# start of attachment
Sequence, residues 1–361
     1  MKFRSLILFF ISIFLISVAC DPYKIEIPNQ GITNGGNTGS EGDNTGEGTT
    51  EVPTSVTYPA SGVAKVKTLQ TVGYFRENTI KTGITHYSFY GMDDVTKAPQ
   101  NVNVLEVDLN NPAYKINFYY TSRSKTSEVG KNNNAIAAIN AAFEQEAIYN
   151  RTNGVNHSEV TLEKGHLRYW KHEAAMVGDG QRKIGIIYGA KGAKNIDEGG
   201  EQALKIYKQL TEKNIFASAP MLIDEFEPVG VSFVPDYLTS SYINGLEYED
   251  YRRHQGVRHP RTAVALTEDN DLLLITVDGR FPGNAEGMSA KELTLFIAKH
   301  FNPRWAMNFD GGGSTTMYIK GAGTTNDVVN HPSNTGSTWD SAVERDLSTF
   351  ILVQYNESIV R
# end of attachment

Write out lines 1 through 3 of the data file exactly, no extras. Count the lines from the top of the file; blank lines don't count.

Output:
Sequence, residues 1–361
     1  MKFRSLILFF ISIFLISVAC DPYKIEIPNQ GITNGGNTGS EGDNTGEGTT
    51  EVPTSVTYPA SGVAKVKTLQ TVGYFRENTI KTGITHYSFY GMDDVTKAPQ